Ken Houghton may be a name unfamiliar to many British comic fans, but after chatting with artist Alan Langford this morning, I discovered his influence extends well beyond his comics work for titles ranging from Battle, Look and Learn to Sally, Jinty and Tammy.
Ken, who died in the 1980s, represented by agent Mike Fowler, worked on a range of titles from the 1960s onwards, for various publishers, including DC Thomson and Fleetway.
Much of his comics work seems to have been for girls comics, both ongoing strips such as “Castaways of Voodoo Island” for Tammy and Sally (1971) and complete stories for titles both Jinty and Tammy. These included contributions to the “Monster Tales” segment of Tammy and Jinty, published in early 1982, alongside strips from Mario Capaldi and others. He also contributed to DC Thomson’s long-running girls title, Bunty.
The Jinty Resource site notes Ken Houghton was a sporadic artist in Jinty until “Tansy of Jubilee Street” arrived from Penny in the early 1980s. Afterwards, Houghton was a regular artist until Peter Wilkes replaced him on the strip.
All three of Houghton’s Jinty serials addressed historical periods: “Bridey Below the Breadline” (Stuart period), “Daisy Drudge and Milady Maud” (Victorian period, a strip,that also replaced “Bridey”), and “House of the Past” (time travel to the 1930s).
Ken he also drew an episode of “Rat Pack” for Battle Picture Weekly, so it may be that some of his work features, uncredited, in other boys’ titles, too.
Also among his known credits is an adaptation of “Lorna Doone”, the last comic strip serial to appear in Look and Learn magazine back in 1981, debuting in issue 1003 (cover dated 30th May 1981). Steve Holland notes, in his brief tribute to Ken on Bear Alley, that Look and Learn continued to appear for almost another year, coming to an end with issue 1049 (cover dated 17th April 1982).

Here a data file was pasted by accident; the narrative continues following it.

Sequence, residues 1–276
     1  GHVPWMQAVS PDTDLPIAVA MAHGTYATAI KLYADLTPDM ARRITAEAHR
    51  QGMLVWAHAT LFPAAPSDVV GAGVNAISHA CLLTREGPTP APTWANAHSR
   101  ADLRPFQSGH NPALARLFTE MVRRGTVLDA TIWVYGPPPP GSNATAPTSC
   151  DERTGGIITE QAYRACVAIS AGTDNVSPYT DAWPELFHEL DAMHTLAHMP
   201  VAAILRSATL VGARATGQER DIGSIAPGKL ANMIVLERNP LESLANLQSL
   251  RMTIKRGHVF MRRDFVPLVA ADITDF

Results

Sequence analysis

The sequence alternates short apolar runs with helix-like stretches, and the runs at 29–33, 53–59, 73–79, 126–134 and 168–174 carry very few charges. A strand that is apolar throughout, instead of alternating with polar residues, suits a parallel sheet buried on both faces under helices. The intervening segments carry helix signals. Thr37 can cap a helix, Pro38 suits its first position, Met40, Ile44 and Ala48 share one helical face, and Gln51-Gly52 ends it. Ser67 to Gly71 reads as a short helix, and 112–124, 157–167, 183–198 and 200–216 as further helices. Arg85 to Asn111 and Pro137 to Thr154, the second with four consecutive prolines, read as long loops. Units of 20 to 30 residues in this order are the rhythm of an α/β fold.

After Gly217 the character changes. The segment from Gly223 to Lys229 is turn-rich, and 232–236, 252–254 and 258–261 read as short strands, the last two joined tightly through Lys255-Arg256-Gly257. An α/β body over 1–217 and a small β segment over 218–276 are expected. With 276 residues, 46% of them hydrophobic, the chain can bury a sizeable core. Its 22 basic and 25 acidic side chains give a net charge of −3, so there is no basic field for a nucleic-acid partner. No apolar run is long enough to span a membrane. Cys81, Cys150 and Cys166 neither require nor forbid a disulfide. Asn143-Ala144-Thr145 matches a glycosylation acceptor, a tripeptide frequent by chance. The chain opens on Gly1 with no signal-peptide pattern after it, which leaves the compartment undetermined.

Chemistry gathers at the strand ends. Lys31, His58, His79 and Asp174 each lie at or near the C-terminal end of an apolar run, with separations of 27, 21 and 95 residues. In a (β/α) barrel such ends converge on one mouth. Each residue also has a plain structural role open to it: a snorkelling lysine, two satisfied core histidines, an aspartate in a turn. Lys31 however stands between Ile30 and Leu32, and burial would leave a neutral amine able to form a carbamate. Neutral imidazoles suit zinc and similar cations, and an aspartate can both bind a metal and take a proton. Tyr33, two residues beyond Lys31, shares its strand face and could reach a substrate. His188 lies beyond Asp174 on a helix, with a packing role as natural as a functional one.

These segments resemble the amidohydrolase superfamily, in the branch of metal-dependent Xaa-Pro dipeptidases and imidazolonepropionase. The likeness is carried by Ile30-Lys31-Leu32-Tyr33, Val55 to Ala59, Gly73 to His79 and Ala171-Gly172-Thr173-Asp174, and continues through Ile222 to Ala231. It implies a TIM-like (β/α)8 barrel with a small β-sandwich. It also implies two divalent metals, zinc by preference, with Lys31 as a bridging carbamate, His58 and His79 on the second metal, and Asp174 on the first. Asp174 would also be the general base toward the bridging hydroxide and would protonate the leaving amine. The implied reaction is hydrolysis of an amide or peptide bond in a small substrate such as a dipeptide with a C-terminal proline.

“I recall getting a call from Ken’s business partner, Mike Fowler explaining that Ken had died of cancer,” Alan Langford tells downthetubes. “Together they had formed the Artright Artists Agency, who found me regular work for a number of years, occasionally for IPC Magazines, but mainly for DC Thomson.
“I distinctly recall making regular trips to the London Golf Club, in St. Brides Lane, which was nowhere near a golf course. Ken would sit amidst his young prodigies, which included myself, and with deft strokes of his pencil explain how certain effects could be produced. He loved drawing the portraits of beautiful women.
“Ken was a vocal admirer of the Marvel artist John Buscema, who illustrated the Conan comic for a good many years,” Alan also recalls. “During the occasions when I met him, he was working on the ‘Lorna Doone’ artwork for Look and Learn. He was also a skilled lettering artist and calligrapher – the title artwork for ‘Lorna Doone’ was depicted by Ken.
“After Ken died, Mike Fowler continued running the agency, and introduced me to Puffin Books Fighting Fantasy series, which helped to support us following the decline of the comic industry. Sadly, he too is no longer with us.”
As a mentor to numerous comic creators, teaching evening art classes, one of Ken’s students was artist Sean Phillips, who went on to work for him as his assistant, and was ghost pencilling for him on stories for DC Thomson from age 15.
“He taught me there was more to comics than superheroes and barbarians, and really helped me a lot,” Sean said back in 2008. “I remember him drawing that ‘Lorna Doone’ strip at the time.”
Ken drew the first episode of a story called “The Secret of Penny Farthing” for Bunty in 1982, but subsequent episodes pencilled by Sean – his first published comics work – which Ken inked.
“[Ken] inked and saved my pencils on the subsequent episodes,” Sean feels. “I drew this while still at school, managing to pencil three pages each weekend. Ken taught me a lot and I ghosted pencils for him for a few years until I was 18, when I started doing pages all on my own.”
Sadly, Ken died in the late 1980s, “far too young”, Sean notes, and like many other well-established creators of the period, particularly on British girls comic, it doesn’t appear he was ever interviewed. But if there’s a comic archivist who can contradict that supposition, please by all means let us know, thank you.
With thanks to Alan Langford for prompting this feature